Construction work was continually in danger of financial difficulties. The foundation stone ceremony was held in May 1872 (in the dripping rain) including a speech by Wagner and a concert conducted by him in the Margrave's Operahouse. It would take years before the building was completed and every single day would be a battle for money. One of the ideas was to sell patron's certificates, guaranteeing the owner a seat for the upcoming festival, in order to raise money to pay the construction workers. Several Wagner-societies were founded to promote the idea, it failed, largely because the certificates were associated with the stock market, a practice considered highly dubious back then. Wagner had to conduct concerts and had to await ticket sales. By the spring of 1873, the financial situation was so disastrous that he turned to Bismarck for support. The request was denied and Wagner tried his luck with King Ludwig, but in vain. In a rather desperate attempt to raise the necessary money, Wagner addressed the Emperor Wilhelm I with a request for a loan. In return, the 1876 Festival would be dedicated to the fifth anniversary of the Prussian victory over France. The offer was turned down, however, and Wagner didn't get any money.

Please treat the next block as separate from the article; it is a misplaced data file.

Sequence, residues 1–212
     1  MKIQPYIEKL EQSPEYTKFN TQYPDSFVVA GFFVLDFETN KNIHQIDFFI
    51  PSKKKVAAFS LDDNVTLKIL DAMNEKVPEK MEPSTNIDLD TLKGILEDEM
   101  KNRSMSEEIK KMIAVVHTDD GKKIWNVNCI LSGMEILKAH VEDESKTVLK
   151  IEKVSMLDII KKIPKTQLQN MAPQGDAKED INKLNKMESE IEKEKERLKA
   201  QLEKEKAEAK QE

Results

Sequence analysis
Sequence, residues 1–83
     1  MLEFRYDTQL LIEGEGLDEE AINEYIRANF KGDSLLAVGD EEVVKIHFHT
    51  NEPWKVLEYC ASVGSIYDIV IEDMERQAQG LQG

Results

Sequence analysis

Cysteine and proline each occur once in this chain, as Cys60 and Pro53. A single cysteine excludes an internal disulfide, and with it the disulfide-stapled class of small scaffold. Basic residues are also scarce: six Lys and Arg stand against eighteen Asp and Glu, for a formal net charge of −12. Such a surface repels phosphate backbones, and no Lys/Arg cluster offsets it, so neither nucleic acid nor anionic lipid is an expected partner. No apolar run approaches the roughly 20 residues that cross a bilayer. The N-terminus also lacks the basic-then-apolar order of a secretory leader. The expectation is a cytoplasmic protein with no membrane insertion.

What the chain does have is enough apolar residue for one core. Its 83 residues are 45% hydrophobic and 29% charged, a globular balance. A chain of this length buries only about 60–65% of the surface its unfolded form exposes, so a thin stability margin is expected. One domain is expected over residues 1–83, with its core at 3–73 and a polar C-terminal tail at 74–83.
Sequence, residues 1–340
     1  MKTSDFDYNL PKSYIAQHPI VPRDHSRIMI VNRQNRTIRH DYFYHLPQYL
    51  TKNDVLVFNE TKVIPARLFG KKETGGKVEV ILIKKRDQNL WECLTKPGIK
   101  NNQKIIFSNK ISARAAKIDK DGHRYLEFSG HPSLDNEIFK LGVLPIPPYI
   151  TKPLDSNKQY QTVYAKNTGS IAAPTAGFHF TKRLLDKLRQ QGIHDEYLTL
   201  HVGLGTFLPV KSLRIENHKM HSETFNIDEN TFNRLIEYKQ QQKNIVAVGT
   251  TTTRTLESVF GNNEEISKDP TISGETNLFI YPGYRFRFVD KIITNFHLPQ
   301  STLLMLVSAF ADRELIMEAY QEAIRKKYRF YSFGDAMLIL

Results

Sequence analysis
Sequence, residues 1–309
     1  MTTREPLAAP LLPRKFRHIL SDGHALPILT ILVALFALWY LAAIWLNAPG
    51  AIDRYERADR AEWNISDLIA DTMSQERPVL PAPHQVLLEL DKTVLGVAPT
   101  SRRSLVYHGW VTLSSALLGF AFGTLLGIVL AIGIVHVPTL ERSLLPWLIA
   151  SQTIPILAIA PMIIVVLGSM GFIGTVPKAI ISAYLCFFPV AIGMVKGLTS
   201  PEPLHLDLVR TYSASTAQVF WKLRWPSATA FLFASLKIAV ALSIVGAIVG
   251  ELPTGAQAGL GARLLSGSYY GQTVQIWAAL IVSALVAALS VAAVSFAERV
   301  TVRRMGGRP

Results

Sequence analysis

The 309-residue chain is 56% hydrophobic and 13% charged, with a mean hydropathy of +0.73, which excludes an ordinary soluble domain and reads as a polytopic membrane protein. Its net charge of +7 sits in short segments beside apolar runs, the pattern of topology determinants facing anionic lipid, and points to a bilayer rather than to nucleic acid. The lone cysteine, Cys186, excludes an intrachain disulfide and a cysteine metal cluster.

Somehow, they managed to continue construction in Bayreuth. In August 1873, the roof-raising ceremony was held. It didn't prevent things from getting worse, though. In 1874, facing bankruptcy, Wagner send a cry for help to King Ludwig, stating that the project was bound to fail if no money could be raised. Ludwig, eventually, decided to support the Bayreuth Festspielhaus with a loan, thus saving the project.
In 1875, the building was completed. The financial difficulties were not over, though. A festival still had to be organised. Wagner pulled through, with some money from the certificates, ticket sales and another loan from Ludwig. Finally, he had realised his dream. At the first Bayreuth Festival, in 1876, he produced his new music drama, the Ring der Nibelungen, in his new operahouse. It was no small accomplishment. The Bayreuth Festspielhaus has become an important landmark in theatre history.